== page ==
From billions of miles away we may feel small, but on solid ground women's contributions are monumental.
Throughout the month of March, News 3 will be celebrating Women's History Month and highlighting women who are trailblazing in their careers and personal life.
"I'm just one example of what you can be. You can be anything," said Katie Cranor.
Katie Cranor is the Associate Division Chief at NASA Wallops Flight Facility at Goddard Space Flight Center, which is NASA's only owned rocket launch range. Cranor is a critical part of getting the rockets on site to liftoff.
"You get those butterflies in your stomach. You know, when you're going across a roller coaster and you're going on the down leg, you know, when you get that thrill, you literally feel that when there's a launch that's happening and that you have a direct role in the success of that operation," she said.
Success isn't possible, though, without a host of responsibilities. In her leadership role, generally speaking, Cranor oversees safety operations.
"We have an organization that is roughly, about, 33 civil servants with, you know, a handful of contractors here and there. So we have a multidisciplinary team, we have ground safety analysts that go out and make sure that when employees are out working on that had with really big hazardous systems with, you know, explosives and chemicals and pressure systems, that we're there to make sure everyone stay safe. We're overseeing those operations, were reviewing the procedures and ahead of time and reviewing the design, we're helping influence the design to be safe, you know, that there's enough inhibits in place," Cranor said.
Along with rockets, Cranor's also launching Women in Stem to new heights, serving on the Women's Advisory panel at local universities. She said it's about empowering those who will fill the space behind her.
"Those barriers that sometimes women perceive going into these types of fields — that it's going to be long hours, I'm not gonna be able to have a husband, I can't have that career. and do all the other things that I kind of want to do to just try. When you try, it actually might work," she said.
When it does work, the cheers flood in, much like the cheers that echoed across the state in Richmond from a historic election.
For two months and counting, Winsome Sears has been serving as Virginia's Lieutenant Governor. In fact, she's the first Black female to hold the position.
Sears is also a Jamaican immigrant, Marine Corps veteran and businesswoman/entrepreneur. Atop her latest achievements is the ability to serve among the top political power in Virginia.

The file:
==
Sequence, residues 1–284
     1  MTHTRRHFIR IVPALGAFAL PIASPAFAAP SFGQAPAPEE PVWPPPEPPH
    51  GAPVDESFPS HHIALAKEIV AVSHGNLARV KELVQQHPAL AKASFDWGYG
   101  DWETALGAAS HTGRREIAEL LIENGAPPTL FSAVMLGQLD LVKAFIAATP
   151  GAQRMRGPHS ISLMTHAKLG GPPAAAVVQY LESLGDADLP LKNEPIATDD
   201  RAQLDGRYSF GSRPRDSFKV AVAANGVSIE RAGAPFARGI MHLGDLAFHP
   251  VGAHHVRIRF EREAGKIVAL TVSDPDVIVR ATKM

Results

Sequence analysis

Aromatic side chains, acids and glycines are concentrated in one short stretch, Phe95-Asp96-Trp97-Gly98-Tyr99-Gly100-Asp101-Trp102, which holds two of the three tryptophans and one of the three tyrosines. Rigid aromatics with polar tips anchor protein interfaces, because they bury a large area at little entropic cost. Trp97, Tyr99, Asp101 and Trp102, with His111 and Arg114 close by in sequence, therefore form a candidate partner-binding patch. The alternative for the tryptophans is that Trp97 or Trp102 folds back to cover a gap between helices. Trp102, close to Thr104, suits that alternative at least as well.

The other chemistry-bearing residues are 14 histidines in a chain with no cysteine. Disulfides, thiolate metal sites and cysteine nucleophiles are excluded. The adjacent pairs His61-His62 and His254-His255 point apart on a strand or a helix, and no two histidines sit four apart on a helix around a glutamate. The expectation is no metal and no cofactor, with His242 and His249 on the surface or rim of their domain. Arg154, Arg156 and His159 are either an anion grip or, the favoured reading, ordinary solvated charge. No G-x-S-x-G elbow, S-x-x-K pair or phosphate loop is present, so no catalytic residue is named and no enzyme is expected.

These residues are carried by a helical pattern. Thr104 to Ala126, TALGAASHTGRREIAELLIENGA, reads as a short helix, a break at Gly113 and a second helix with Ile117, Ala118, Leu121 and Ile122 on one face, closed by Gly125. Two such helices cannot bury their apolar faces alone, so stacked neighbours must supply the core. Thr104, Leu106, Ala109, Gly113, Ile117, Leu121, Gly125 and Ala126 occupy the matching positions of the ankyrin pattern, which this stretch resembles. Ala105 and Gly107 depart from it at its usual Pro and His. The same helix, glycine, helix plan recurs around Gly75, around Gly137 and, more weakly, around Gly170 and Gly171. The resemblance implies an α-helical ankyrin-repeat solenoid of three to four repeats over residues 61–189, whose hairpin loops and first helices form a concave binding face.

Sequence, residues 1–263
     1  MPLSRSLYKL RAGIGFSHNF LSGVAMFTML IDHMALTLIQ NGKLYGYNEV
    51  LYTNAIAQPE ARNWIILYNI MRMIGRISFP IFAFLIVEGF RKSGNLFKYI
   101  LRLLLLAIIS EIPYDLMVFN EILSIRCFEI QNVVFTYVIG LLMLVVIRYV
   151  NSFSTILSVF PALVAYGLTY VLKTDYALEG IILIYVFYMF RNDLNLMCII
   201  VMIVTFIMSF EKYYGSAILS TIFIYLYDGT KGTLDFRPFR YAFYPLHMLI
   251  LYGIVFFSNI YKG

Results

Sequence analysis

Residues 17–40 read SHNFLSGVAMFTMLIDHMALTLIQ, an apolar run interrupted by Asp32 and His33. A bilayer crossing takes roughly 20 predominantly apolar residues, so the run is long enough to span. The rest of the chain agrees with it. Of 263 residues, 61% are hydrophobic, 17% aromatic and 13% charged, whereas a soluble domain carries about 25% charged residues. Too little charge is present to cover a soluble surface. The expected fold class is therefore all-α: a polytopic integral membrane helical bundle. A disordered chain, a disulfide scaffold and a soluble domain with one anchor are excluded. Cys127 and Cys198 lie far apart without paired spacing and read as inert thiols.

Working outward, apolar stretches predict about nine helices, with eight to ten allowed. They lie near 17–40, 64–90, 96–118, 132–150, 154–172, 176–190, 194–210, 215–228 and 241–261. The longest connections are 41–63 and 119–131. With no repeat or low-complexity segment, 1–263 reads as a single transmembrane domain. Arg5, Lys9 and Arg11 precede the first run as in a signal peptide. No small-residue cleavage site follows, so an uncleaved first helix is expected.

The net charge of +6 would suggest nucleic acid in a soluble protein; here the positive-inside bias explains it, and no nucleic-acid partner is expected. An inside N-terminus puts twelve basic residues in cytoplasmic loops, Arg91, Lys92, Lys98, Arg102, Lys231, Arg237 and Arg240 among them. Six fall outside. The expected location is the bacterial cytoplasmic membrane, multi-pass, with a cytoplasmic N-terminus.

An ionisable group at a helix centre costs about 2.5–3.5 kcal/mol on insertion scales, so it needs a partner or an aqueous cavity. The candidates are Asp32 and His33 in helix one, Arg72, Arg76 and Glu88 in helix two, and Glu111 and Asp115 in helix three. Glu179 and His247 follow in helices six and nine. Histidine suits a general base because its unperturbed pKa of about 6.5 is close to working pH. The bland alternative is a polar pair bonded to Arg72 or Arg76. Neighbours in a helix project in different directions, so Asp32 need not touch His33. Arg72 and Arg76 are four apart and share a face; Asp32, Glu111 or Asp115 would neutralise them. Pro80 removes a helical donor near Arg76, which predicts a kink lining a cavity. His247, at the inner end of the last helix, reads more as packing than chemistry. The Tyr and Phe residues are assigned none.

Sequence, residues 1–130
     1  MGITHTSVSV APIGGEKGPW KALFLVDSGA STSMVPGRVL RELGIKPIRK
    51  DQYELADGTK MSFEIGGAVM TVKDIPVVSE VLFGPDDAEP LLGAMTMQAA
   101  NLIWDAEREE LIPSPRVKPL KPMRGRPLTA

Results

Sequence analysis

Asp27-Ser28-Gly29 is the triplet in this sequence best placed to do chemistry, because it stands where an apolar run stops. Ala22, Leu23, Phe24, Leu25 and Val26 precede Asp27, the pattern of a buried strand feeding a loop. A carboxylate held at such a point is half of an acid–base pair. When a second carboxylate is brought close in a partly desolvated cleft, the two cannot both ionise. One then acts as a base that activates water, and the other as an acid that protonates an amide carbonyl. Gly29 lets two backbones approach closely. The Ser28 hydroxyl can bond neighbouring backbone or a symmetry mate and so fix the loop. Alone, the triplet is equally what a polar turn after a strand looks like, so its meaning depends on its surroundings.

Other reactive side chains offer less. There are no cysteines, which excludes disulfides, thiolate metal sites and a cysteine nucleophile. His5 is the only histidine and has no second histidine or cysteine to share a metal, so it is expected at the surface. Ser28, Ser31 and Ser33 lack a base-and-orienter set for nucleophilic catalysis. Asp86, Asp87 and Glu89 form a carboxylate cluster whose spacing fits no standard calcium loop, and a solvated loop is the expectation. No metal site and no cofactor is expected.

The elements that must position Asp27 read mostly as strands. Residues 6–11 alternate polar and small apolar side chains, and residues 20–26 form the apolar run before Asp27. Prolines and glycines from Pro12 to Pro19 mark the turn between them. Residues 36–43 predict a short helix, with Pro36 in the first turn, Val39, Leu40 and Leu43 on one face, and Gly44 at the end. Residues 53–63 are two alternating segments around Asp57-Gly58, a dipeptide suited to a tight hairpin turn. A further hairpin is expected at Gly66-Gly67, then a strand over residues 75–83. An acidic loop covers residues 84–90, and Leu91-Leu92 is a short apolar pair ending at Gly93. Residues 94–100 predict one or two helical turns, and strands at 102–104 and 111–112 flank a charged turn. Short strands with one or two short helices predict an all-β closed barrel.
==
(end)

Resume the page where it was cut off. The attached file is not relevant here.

"When you have someone in office at this high level who looks like me there's gonna be change," she said during an interview.
Change comes from all parties in Virginia. From the Capitol to Portsmouth, Commonwealth's Attorney, Stephanie Morales knows a thing or two about flipping the script. She said she never thought she would become a prosecutor, let alone be elected to Commonwealth's Attorney.
She is the first woman to hold the position in Portsmouth after winning election-after-election starting in 2015.
"I know that I have so many other young ladies who are looking at me, who come from where I come from, who say, if Stephanie Morales could do this I know I can do whatever I want to accomplish," she said.
Raised in Portsmouth, it's safe to say Morales has quite a bit of "hometown pride." On top of her duties as a prosecutor, she's an author and a mentor for young kids.
Morales was also recently recognized by Forbes, through "For(bes) The Culture 50 Champions," for uplifting Black and Brown voices.
"We do this work without expecting any recognition or reward. We are in the trenches, trying to work to see better communities, to see a better society. And so to see Forbes honor me, and then not only that to be placed in a special category of a Rising Star, it was just special. I was speechless," Morales said.
She shared this message for anyone who identifies as female, "As women, we are not limited. We're not limited to just being moms or just being career women, that we're free to be who we are as people as well. I want the young girls and young women who are watching to hear me say kick the door and you are brilliant."
This story was originally published by Erin Miller on wtkr.com.